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Woodcock brood ecology in Maine

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Abstract

Captures of 102 American woodcock (Philohela minor) broods, including 338 chicks, from 1977 to 1980 provided data on age-related production by breeding females and on growth and survival of chicks. Although broods of second-year females are smaller and hatch at slightly later dates and the growth of the chicks is slower than that of broods of after-second-year hens, we could detect no difference in survival of the chicks. Yearly variation in the sex ratio of fledged young was probably the result of selection for or against larger female chicks during different environmental conditions. Broodmates associate with each other throughout the summer, and there are differences in habitat preferences between young (1-5 days old) and older (> 5 days old) broods. Older broods prefer more open, mature forest stands with fewer trees per hectare.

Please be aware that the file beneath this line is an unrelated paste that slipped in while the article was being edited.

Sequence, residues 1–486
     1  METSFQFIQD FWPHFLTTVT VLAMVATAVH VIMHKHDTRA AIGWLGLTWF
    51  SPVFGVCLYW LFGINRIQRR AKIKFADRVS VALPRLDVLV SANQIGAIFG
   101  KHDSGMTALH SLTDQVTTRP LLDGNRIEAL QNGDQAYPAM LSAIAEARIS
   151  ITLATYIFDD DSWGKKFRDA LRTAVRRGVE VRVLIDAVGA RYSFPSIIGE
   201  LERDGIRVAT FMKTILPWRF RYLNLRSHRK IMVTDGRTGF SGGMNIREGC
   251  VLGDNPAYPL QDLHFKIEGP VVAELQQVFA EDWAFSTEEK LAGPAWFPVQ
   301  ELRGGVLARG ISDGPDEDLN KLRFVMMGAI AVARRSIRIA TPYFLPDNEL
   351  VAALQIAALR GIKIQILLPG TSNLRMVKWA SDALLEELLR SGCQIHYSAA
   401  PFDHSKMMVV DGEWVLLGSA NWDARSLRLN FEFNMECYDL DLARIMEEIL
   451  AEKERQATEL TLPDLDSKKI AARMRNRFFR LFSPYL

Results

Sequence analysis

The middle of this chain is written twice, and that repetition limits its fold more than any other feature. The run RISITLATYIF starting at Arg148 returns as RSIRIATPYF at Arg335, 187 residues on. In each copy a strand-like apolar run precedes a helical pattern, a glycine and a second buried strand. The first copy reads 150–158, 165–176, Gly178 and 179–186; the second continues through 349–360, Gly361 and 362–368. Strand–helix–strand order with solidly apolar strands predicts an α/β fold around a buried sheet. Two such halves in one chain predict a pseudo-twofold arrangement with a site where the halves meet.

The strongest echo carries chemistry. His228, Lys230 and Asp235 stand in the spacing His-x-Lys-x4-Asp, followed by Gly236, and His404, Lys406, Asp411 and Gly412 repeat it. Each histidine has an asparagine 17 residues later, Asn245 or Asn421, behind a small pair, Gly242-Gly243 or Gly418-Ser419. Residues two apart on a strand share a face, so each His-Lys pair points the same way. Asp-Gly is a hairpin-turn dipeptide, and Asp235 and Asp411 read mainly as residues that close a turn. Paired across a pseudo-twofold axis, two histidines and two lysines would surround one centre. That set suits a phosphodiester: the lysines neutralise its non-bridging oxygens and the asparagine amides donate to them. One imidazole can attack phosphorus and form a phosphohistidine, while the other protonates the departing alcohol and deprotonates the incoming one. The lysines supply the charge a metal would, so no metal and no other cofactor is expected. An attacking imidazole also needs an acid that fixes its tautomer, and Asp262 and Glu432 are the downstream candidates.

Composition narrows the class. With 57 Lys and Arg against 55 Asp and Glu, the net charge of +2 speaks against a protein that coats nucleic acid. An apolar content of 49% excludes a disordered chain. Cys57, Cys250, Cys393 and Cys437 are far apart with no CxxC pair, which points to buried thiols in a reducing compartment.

Additional Publication Details

Publication type:
Book chapter
Publication Subtype:
Book Chapter
Title:
Woodcock brood ecology in Maine
Series number:
14
Year Published:
1982
Language:
English
Contributing office(s):
Patuxent Wildlife Research Center
Description:
v, 191
Larger Work Type:
Book
Larger Work Subtype:
Other Government Series
Larger Work Title:
Woodcock Ecology and Management
First page:
63
Last page:
70